distrib question: vacuum vs mech advance - Hot Rod Forum : Hotrodders Bulletin Board
Hotrodders.com -- Hot Rod Forum



Register FAQ Search Today's Posts Unanswered Posts Auto Escrow Insurance Auto Loans
Hot Rod Forum : Hotrodders Bulletin Board > Tech Help> Engine
User Name
Password
lost password?   |   register now

Reply
 
LinkBack Thread Tools
  #1 (permalink)  
Old 08-20-2003, 08:54 AM
Member
 
Join Date: Oct 2002
Location: KATY , TX
Posts: 76
Wiki Edits: 0

Thanks: 0
Thanked 0 Times in 0 Posts
distrib question: vacuum vs mech advance

Stupid question of the day:
What role does the vacuum advance play when your distrib has weights on it to advance it?

I found a crack in my vacuum line. Dont know how long its been there. How can I tell if my vacuum advance is even working? Can I use my timing light to watch it advance with and without the vacuum hooked up?

    Advertisement
Reply With Quote Quick reply to this message
Sponsored Links
Advertisement
 
  #2 (permalink)  
Old 08-20-2003, 09:38 AM
BOBCRMAN@aol.com's Avatar
Member
 
Last photo:
Join Date: May 2002
Location: Holly, michigan
Posts: 8,117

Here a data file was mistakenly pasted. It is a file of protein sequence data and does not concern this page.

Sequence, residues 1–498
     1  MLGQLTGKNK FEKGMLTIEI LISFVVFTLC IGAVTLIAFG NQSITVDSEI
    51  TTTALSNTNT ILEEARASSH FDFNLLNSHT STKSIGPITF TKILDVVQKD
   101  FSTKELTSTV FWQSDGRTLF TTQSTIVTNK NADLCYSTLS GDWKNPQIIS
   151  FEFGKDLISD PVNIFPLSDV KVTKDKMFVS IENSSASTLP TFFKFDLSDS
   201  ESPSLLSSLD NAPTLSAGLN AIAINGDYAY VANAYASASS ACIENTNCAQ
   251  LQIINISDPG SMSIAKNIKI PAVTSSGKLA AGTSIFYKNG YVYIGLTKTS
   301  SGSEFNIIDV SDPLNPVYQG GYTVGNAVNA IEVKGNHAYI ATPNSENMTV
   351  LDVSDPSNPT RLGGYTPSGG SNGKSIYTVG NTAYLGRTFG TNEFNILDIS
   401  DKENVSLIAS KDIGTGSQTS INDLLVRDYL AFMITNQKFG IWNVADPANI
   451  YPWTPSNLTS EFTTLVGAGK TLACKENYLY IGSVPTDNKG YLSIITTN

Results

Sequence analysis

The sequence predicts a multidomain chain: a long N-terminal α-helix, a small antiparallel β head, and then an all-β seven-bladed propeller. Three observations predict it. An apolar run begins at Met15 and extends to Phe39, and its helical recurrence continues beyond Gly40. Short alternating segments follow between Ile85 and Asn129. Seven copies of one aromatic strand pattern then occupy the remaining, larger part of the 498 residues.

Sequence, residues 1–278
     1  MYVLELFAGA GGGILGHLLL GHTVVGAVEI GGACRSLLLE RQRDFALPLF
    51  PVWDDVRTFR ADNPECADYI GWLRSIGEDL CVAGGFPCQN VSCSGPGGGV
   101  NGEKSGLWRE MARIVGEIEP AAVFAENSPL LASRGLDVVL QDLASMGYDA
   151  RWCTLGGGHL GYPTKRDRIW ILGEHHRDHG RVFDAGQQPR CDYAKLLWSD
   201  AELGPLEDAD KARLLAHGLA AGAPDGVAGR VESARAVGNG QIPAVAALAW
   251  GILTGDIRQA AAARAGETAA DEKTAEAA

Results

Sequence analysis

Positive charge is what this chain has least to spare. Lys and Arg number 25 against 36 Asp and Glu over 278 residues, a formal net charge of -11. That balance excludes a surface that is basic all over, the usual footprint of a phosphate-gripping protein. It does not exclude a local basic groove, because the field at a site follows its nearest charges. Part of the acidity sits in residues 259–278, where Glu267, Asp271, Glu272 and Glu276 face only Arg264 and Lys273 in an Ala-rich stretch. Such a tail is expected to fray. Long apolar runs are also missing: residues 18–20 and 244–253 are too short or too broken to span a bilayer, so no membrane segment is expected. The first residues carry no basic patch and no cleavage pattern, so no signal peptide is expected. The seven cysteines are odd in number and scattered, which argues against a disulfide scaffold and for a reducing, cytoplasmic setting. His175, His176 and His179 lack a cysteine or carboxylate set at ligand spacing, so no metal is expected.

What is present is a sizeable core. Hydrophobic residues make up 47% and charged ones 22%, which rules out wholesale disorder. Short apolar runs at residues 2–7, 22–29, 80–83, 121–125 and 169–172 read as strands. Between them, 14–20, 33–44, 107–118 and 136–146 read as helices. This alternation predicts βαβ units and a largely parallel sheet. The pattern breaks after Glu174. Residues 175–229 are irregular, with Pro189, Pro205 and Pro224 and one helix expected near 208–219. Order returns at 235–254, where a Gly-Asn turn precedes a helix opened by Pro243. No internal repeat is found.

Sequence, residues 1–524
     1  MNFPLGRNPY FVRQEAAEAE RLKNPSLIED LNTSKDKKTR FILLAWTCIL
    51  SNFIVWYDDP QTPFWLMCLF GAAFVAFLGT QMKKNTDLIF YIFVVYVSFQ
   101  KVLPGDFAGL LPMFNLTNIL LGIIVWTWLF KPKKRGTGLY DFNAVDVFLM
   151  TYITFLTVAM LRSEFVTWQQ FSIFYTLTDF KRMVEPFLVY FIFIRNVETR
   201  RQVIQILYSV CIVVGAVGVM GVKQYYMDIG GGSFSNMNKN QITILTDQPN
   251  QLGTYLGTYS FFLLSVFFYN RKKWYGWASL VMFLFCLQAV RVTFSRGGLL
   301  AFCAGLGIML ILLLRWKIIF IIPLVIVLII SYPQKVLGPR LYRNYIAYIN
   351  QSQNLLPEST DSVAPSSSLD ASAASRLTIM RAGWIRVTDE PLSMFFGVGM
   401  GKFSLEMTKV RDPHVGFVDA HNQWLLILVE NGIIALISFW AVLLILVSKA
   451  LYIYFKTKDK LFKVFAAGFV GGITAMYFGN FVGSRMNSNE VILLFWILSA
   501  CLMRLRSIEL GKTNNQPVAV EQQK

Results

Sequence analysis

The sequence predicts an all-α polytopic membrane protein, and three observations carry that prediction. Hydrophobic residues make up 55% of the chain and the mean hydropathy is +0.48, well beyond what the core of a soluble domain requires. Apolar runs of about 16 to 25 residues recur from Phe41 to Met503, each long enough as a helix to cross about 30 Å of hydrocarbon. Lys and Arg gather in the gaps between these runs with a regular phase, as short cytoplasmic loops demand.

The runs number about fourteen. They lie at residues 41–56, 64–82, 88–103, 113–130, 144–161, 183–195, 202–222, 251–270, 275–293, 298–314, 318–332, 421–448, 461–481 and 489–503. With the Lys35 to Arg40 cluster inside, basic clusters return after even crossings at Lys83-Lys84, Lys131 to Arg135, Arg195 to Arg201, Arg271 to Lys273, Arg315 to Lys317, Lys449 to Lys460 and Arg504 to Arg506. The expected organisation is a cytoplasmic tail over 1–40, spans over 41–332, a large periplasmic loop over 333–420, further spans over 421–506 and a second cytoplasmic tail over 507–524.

Wiki Edits: 0

Thanks: 25
Thanked 266 Times in 249 Posts
check in the knowledge base for specifics, but, vac advance makes your engine more responsive and drive able at part throttle operation, also helps gas milage
Reply With Quote Quick reply to this message
  #3 (permalink)  
Old 08-20-2003, 09:51 AM
Frisco's Avatar
Glad To Be Here
 
Last photo:
Join Date: Nov 2002
Location: Canton, North Carolina
Age: 72
Posts: 2,244
Wiki Edits: 0

Thanks: 0
Thanked 8 Times in 8 Posts
Re: distrib question: vacuum vs mech advance

Quote:
Originally posted by JUSTINH
Stupid question of the day:
What role does the vacuum advance play when your distrib has weights on it to advance it?

I found a crack in my vacuum line. Dont know how long its been there. How can I tell if my vacuum advance is even working? Can I use my timing light to watch it advance with and without the vacuum hooked up?